This was definitely an amazing movie to watch and I had a lot of fun checking this one out. I had one minor issue with the film, but it’s one of those I get why they did it kind of thing. My only issue with the film is that I had a hard time believing Charlton Heston as a Mexican because not even black and white makes me believe it. He looks like an American with a mustache and a tan. I get why they did it because Hollywood at the time would have never placed a real Mexican as the star of the film. You have to remember that at this time, white men were still playing Native Americans in films. What I did love about this film is the last half and hour of it. The last half hour was one of the most intense half hours of the whole movie with all the scandalous behavior. I didn’t know how I felt about Orson Welles before the film, but he was absolutely amazing in this film as the crooked Quinlan. There are always going to be flaws in every film, but this is definitely one of my favorites so far this month. The writing is great, the cinematography was great, and the acting was great too. A young and beautiful pre-Psycho Janet Leigh is in the film and she looks great. The film takes a bit to unfold, but when it does it’s absolutely amazing. If you want to know about the history of cinema then you need to check out these films because they laid the ground work for today. That is why I am going to give the film an A- for a final grade.
With only 132 days left in the year and only 18 Sundays left in the calendar year, we are going to try something new here. I am calling it Sunday At The Classics where we review classic cinema and we are starting this week with Alfred Hitchcock’s (Psycho) Dial M For Murder which was released in 1954. Ray Milland (The Lost Weekend) plays Tony Wendice, a former tennis pro who discovers that his wife is having an affair with a writer from New York City. What does he do, well he tries to plan the perfect murder by blackmailing an old college friend, but when that backfires he has to come up with one heck of a plan b just to get the job done. The film also stars Grace Kelly (To Catch A Thief) as Margot Wendice, Robert Cummings (Walt Disney’s Wonderful World Of Color) as Mark Halliday, John Williams (Witness For The Prosecution) as Chief Inspector Hubbard, Anthony Dawson (Death Rides A Horse) as Charles Swan, Robin Hughes (The Flame And The Arrow) as Police Sergeant O’Brien, Leo Britt (The Charge Of The Light) as the storyteller, Patrick Allen (The Black Adder) as Detective Pearson, and George Leigh (Champagne For Caesar) as Detective Williams.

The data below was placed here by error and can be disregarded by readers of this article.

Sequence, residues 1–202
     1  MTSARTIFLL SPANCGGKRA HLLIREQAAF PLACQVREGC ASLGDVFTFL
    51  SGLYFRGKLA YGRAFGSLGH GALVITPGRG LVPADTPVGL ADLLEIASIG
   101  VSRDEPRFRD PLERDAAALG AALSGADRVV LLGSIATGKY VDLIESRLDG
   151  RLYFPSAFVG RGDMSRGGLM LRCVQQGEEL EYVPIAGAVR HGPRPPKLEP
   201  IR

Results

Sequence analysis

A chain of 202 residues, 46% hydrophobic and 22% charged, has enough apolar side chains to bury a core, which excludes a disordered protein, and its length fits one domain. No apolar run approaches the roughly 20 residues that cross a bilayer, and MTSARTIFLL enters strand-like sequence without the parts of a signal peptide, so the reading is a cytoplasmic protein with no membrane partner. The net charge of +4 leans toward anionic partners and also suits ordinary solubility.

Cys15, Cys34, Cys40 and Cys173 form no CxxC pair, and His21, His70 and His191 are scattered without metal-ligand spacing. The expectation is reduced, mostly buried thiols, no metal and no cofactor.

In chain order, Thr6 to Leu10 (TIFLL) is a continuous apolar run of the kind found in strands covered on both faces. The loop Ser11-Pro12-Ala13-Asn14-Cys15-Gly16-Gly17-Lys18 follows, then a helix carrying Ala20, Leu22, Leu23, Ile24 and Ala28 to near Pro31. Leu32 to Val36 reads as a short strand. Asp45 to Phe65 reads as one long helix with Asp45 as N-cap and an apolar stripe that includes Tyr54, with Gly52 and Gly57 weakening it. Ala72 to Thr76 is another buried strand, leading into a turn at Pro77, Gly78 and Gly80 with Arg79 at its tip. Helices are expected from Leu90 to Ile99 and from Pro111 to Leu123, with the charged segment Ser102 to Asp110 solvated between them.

There is one scene that I had always heard about that was revered by many in this film which is why I decided to watch this. It’s the during the beginning of the film when Tony invites Charles Swan to come over to talk about the “car” for sale. He begins to piece Swan’s true identity to Swan as they are talking and then he reveals to him his secret plan. It is then that he let’s us in on how he wants Swan to commit the perfect crime in detail. The conversation goes on for about 15 to 20 minutes and is just masterful as it seems to be one continuous shot. Alfred was a master with his cinematography and how he wanted to see his film unfold. It’s exactly like François Truffaut once said about Hitchcock calling him a true auteur of cinema. Just like any great Film Noir or crime mystery film, there is always the reveal about how they came to discover the master plan. That is another great sequence that you have to check out from the master of suspense. One of the things I enjoyed about this film was seeing the beautiful Grace Kelly who really was the face of perfection in classic Hollywood. There was just no other like her in those times and she was awesome to watch in this film even though she really wasn’t the star of the film. Ray Milland of course was the star and he absolutely shined as the an who thought he could think on his feet and that he had everyone hook, line, and sinker. If you want to be a fan of cinema then I definitely suggest that you stick this on your list of films to watch. I am going to give the film an A- for a final grade.